The Omicron Rout: Buying When The Herd Panics

When the coronavirus outbreak first became apparent in the United States last year and tanked the financial markets in February-March 2020, the crisis was the epitome of a “black swan.” Stocks have since recovered and I’m bullish about investor prospects in 2022.

However, as the outbreak of the COVID Omicron variant shows, you never know what nasty surprises could be lurking around the corner. By its very nature, a black swan is unexpected.

In recent days, the rapid global spread of the highly contagious Omicron mutation has rattled investors and generated roller-coaster action in financial markets. Will Omicron fade, in the manner of Delta, and lose its punch as new vaccines are developed? That’s unclear.

But one thing is clear: Selling in a panic-driven market is one of the worst and most costly mistakes you can make as an investor. Focusing on fundamentals is a basic tenet of successful investing. Pullbacks represent a good time to build up existing positions in strong companies or buy into stocks that you didn’t get into earlier.

Read This Story: Here’s Why Investors Shouldn’t Panic Over Omicron

Volatility can be scary, but savvy investors can use the market’s mood swings to their advantage by knowing how and when to exercise three types of protective measures when buying. Let’s look at the menu.

Limit Orders

Limit orders help investors avoid buying or selling a stock at a price lower or higher than they desire. It is an order to buy or sell a security at a specific price, as opposed to a market order, which doesn’t guarantee that your security will be purchased or sold at a specific price.

A buy limit order sets the maximum amount you’re willing to pay; a sell limit order sets the minimum amount you’re willing to lose in an investment. Using limit orders can enable investors to take advantage of stock price dips.

Stop-Loss Orders

One of the most widely used devices for limiting the level of loss from a dropping stock is to place a stop-loss order with your broker. Using this stop order, the trader will pre-set the value based on the maximum loss the investor is willing to tolerate.

If the last price drops below this fixed value, the stop loss automatically becomes a market order and gets triggered. As soon as the price falls below the stop level, the position is closed at the current market price, which prevents any additional losses.

Stop-loss orders can save you boatloads of money, particularly if the extended selloff occurs at the peak of a financial crisis.

Trailing Stops

A trailing stop and a regular stop loss appear similar because they equally provide protection of your capital if a stock’s price begins to move against you, but that is where their similarities end.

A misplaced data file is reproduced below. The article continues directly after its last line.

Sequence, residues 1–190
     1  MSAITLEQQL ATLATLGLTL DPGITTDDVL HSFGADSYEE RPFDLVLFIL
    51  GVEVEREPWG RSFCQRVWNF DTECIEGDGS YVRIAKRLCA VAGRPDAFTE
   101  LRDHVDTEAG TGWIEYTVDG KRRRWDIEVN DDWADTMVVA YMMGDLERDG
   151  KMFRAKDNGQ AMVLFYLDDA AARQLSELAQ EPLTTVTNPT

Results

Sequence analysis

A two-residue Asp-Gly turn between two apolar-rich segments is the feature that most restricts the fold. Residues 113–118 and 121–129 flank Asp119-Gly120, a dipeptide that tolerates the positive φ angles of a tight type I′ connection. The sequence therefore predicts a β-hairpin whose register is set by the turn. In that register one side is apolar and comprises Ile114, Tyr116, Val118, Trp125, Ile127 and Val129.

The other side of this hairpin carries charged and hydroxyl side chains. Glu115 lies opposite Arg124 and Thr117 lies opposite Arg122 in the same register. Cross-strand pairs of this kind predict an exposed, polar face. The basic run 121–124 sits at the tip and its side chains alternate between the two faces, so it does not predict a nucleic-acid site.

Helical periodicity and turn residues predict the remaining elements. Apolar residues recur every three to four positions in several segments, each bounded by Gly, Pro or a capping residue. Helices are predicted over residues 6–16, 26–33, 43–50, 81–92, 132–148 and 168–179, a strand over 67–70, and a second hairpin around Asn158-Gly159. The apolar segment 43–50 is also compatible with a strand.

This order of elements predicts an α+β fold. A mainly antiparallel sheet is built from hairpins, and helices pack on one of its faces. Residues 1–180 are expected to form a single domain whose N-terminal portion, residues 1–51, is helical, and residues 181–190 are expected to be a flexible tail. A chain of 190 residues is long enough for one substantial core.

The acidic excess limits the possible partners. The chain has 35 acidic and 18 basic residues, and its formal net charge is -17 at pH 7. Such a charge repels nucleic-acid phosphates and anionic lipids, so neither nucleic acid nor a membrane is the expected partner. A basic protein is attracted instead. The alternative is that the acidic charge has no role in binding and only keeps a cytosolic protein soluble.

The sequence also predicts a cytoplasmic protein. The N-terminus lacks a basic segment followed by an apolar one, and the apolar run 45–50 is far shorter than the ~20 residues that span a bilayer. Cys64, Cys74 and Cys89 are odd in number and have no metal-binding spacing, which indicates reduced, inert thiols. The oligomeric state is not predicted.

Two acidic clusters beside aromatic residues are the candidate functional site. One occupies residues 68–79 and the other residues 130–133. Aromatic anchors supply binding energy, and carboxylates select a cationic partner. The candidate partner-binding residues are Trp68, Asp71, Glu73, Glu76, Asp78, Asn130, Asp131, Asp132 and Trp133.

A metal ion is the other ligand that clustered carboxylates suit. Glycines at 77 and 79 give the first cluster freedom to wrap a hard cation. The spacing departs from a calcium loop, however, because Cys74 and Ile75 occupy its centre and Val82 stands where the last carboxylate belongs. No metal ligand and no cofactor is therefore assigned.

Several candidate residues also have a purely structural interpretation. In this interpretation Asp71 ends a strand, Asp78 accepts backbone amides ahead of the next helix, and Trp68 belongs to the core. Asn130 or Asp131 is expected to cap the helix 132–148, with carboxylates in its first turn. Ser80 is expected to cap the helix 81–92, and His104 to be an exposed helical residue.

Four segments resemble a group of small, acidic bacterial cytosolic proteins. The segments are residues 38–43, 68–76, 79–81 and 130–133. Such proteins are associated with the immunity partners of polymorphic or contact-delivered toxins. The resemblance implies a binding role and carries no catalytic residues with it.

The “trailing stop” provides an advantage over a conventional stop loss because it’s more flexible. It allows the trader to continue protecting his capital if the price drops, but when the price increases, the trailing feature becomes active, enabling an eventual protection of profit while still reducing the risk to capital.

Over time, the trailing stop will self-adjust, shifting from minimizing losses to protecting profits as the price reaches new highs.

Pros and cons…

These tactics are much riskier in volatile markets. For example, the stop-loss order becomes a market order once the stock hits the designated price threshold. The Flash Crash of 2010 is a prime example of when stop-loss orders should be avoided in volatile markets.

In skittish markets, limit orders are a better option and enable investors to profit from others’ fears. That being said, limit orders involve some risks. It’s possible that the stock in question will never reach the limit price; the farther the order limit is from the current price, the more likely the order will prove worthless and expire. Alternatively, the market price may quickly move past the limit price before the order can be filled.

Trailing stops automatically push sell thresholds higher by a fixed percentage or dollar amount as the stock’s price rises, a seemingly useful service. However, if you’re an investor with a longer time horizon, trailing stops can increase the risk that a bout of volatility can knock you out of your position.

Editor’s Note: I’ve just described time-proven ways to protect your portfolio from potential future selloffs. If you’re looking for an investment method that succeeds regardless of market ups and downs, turn to my colleague Jim Fink.

Jim Fink is the chief investment strategist of Velocity Trader. He’s also a world-renowned options trader. Jim has devised a proprietary options trading strategy that racks up profits regardless of the pandemic, stock market gyrations, or political turmoil.

Jim has put together a new presentation that shows smart investors how to earn massive gains in a short amount of time. Click here for free access.

John Persinos is the editorial director of Investing Daily. To subscribe to John’s video channel, follow this link.